• Rain, sleet, wind or snow didn’t keep me from achieving my October goal of walking or hiking outside every day in the month. And I maintained 10,000 steps or more each day in October. Yippee! Also, I went to yoga classes every week in October at least 2 times a week. My body and my future self thanks me.
  • 38 day streak of 10,000 steps or more.
  • Have been working on strength training and am now able to squat more weight than I ever have and increased my 1RM by 20%!
  • I kayaked a 24 mile section of river!
  • I’m playing volleyball again! I’ll be attending every week and bringing my A game! I haven’t played for about 10 years, but it’s all coming back to me!
  • Agreed to dance in the Nutcracker. Strapping the pointe shoes back on and rehearsing 3 days/week.
  • Yesterday I had my first consult with my new personal trainer – a first for me is having someone who is keeping me accountable on lifting.
  • After months of walking and building my strength back up, I made it to the ‘M’!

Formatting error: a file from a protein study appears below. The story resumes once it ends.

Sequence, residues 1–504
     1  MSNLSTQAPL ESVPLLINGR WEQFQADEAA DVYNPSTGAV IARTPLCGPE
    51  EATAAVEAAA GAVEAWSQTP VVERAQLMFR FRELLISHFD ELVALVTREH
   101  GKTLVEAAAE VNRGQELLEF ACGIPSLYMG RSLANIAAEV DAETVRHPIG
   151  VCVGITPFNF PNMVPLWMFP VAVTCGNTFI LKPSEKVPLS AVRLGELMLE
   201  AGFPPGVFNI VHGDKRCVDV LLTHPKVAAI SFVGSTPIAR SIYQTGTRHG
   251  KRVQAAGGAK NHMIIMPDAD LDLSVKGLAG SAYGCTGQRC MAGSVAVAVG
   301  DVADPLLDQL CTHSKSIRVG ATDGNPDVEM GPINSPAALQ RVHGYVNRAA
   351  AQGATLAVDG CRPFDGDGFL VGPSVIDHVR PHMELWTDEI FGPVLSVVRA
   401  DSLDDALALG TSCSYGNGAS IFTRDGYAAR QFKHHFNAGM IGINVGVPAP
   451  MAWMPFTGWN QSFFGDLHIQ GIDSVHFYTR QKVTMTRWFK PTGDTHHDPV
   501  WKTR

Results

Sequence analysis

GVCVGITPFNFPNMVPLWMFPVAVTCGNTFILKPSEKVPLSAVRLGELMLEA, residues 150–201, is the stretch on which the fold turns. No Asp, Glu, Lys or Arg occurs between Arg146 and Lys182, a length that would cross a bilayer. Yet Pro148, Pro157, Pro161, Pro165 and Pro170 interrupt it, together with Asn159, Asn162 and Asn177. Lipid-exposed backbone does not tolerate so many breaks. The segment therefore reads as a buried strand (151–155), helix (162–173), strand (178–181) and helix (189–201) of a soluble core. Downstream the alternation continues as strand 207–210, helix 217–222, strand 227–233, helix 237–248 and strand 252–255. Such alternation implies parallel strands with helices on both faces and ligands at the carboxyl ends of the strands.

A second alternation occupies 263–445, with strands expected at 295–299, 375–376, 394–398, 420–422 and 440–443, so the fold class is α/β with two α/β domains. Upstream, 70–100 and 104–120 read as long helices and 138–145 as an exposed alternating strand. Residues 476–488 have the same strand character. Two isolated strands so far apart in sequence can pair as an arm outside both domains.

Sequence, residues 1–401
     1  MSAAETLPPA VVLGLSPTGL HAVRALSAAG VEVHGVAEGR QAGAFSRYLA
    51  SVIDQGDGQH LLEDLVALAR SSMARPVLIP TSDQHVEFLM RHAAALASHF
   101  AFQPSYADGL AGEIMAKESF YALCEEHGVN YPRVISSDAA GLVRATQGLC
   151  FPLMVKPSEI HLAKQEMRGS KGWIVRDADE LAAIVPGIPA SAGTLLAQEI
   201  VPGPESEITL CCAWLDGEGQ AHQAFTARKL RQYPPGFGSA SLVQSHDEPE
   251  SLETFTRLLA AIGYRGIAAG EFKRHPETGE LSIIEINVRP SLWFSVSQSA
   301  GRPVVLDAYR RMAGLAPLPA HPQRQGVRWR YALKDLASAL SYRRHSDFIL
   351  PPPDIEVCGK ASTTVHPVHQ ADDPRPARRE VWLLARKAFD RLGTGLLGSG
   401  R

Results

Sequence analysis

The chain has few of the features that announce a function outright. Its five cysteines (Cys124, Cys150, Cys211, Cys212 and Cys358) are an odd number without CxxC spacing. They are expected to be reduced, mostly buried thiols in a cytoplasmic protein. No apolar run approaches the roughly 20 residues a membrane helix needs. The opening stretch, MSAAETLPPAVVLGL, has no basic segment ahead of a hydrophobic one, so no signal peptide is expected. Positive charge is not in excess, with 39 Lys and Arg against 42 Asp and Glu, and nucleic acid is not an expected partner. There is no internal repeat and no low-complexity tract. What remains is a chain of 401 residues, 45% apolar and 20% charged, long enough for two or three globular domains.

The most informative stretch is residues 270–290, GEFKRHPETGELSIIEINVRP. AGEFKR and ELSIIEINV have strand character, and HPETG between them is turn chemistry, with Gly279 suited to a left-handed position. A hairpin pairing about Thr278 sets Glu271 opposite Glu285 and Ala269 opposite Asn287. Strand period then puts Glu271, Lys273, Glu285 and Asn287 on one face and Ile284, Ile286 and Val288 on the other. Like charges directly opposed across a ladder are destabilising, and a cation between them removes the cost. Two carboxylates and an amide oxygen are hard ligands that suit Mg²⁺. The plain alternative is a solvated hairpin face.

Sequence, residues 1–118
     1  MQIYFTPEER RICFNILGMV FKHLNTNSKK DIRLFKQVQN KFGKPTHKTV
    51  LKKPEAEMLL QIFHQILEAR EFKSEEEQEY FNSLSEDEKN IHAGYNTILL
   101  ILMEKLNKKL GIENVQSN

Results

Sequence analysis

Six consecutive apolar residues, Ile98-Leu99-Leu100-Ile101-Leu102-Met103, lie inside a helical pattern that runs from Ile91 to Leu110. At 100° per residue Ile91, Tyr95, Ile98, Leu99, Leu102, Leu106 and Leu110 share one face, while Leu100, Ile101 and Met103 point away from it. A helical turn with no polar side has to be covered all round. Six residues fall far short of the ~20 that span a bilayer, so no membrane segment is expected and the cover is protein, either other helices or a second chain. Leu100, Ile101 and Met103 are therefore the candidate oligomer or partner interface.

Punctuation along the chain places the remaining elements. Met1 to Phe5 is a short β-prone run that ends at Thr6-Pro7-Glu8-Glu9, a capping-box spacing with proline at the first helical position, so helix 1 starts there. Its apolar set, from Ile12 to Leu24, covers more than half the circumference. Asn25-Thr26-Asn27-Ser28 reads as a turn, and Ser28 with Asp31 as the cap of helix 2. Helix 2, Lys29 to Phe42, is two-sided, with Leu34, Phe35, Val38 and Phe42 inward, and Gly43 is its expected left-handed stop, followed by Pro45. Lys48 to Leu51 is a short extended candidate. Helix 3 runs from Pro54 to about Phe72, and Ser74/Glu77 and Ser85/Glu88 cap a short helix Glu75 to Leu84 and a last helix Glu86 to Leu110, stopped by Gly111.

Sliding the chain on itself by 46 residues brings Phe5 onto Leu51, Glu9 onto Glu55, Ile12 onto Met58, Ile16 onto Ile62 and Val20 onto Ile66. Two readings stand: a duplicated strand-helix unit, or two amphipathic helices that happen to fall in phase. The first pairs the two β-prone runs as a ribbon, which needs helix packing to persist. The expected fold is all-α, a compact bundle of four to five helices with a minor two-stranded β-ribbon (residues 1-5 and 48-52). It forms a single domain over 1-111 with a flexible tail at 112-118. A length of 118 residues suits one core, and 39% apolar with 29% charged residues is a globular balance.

• Did 4 great hikes in Zion and Bryce Canyon over the weekend, which has been on my bucket list for years!
  • Registered for a half marathon!
  • Doing a 30 day squat challenge. Some form of squats every day for 30 days.
  • I hiked the Wonderland Trail around Mt Rainier – 96 miles in 6 days
  • I am going for a 15 x 15 challenge. 15,000 steps for 15 days. Wish me luck.

Streaks, bucket-list items, registering for new events, or resuming an old activities seemed to be repetitive themes this year.  Hopefully the streaks and new habits are still alive as we head into the holidays!

 

Seasonal Change

Phew. I’m back in the office for a while now, after eight consecutive weeks on the road. I almost beat winter home, but not quite. Let’s just say it was a long drive home from Kalispell yesterday. My knuckles were as white as the road at a few points.